In other words, I give you the Euro, says Mises. Not just for Europe, but for the whole world. Not only that, I will assume for the sake of argument that the guys running the show are smart enough not to turn the whole world into Zimbabwe. They will still print tons of money and hand it out free to the various govts to spend, don’t get me wrong, but they will be smart enough not to go overboard and print so much that the currency is destroyed.
Then the ideal of the Keynesians is realized. There is an institution operating which can exercise an “expansionist pressure on world trade.”
Here Mises is referring to a bit of Keynesian silliness that assumes printing money will magically increase production and make everyone wealthier, which we need not go into.
So everything looks peachy, right? Wrong, says Mises:
However, the champions of such plans have neglected a fundamental problem, namely, that of the distribution of the additional quantities of this credit money or of this paper money.
Meaning how do you divvy up the spoils? How much free newly printed money will each govt get?
First, Mises considers the theoretical case where one country gets all the new money, and the problems that will result:
Let us assume that the international authority increases the amount of its issuance by a definite sum, all of which goes to one country, Ruritania. The final result of this inflationary action will be a rise in prices of commodities and services all over the world. but while this process is going on, the conditions of the citizens of various countries are affected in a different way.
Mises is describing the famous Cantillon effect, named after Richard Cantillon. It’s been well known for over 250 years, but you will never hear about it from any politician or mainstream economist. Let’s give Mises the floor as he explains it:
The Ruritanians are the first group blessed by the additional manna. They have more money in their pockets while the rest of the world’s inhabitants have not yet got a share of the new money. They can bid higher prices, while the others cannot. Therefore the Ruritanians withdraw more goods from the world market than they did before. The non-Ruritanians are forced to restrict their consumption because they cannot compete with the higher prices paid by the Ruritanians. While the process of adjusting prices to the altered money relation is still in progress, the Ruritanians are in an advantageous position against the non-Ruritanians. When the process finally comes to an end, the Ruritanians have been enriched at the expense of the non-Ruritanians.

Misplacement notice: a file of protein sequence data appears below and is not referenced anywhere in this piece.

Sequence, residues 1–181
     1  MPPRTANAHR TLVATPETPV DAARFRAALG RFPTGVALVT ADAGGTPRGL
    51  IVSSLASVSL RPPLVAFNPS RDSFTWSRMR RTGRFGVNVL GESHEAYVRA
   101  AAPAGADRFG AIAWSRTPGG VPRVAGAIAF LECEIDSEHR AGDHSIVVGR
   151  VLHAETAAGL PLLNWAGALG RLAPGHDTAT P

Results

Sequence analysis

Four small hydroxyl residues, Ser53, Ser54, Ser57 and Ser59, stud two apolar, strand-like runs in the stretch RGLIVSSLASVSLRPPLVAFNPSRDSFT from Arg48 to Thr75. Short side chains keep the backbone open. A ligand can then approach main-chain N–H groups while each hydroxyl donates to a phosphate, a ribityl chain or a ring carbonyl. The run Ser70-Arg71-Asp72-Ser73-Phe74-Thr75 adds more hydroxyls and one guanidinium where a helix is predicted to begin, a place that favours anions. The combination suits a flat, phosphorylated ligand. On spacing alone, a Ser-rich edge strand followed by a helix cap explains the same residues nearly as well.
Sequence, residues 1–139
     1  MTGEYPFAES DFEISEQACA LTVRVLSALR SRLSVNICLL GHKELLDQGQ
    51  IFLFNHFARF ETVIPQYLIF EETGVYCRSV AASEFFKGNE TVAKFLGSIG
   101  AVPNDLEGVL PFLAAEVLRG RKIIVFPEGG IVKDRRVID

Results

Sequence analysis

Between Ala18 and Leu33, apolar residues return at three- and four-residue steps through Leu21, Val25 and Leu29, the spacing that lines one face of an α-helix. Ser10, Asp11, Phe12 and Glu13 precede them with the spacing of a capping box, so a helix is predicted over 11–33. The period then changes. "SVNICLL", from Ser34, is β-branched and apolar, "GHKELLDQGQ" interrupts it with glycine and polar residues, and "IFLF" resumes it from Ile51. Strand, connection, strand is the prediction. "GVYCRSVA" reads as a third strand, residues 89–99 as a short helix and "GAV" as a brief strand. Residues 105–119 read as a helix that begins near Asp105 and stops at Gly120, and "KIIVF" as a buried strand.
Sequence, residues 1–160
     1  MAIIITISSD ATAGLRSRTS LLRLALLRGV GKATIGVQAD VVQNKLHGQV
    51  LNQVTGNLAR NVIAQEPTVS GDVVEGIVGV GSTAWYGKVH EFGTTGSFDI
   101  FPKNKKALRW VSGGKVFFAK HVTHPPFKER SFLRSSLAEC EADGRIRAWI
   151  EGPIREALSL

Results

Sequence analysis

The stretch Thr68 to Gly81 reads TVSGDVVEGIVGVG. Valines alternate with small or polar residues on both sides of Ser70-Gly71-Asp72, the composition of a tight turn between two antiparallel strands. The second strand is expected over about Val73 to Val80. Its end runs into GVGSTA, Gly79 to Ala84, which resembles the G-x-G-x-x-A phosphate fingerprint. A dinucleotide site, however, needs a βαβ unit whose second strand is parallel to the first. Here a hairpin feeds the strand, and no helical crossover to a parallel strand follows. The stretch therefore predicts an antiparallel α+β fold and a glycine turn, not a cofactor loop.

So giving all the money to one country won’t be ideal, because whoever gets the money first will party while the rest of the world serves him hand and foot. At least until he spends all the new money.
The main problem in such expansionist ventures is the proportion according to which the additional money is to be allotted to the various nations. Each nation will be eager to advocate a mode of distribution which will give it the greatest possible share in the additional currency. The industrially backward nations of the East will, for instance, probably recommend equal distribution per capita of population, a mode which would obviously favor them at the expense of the industrially advanced nations. Whatever mode may be adopted, all nations would be dissatisfied and would complain of unfair treatment. Serious conflicts would ensue and would disrupt the whole scheme.
There it is. The point of one world currency is for all govts to print money at the same rate, so they have plenty to spend. But once you have one bank printing all the new money, fights will break out about who gets that new money, because whoever gets it first is the big winner.
There you have Mises’ vision of the Euro. It will not bring peace into the world, but enmity and conflict. It will not bring wealth into the world, but more poverty.
So, was he right? Of course he was. Just read any article about Europe.
Is the problem the same as the one he envisioned? Not exactly, as we will explain in the next article.
Tantalizing Hint: Remember, Mises assumed intelligent leadership in his scenario. He overestimated.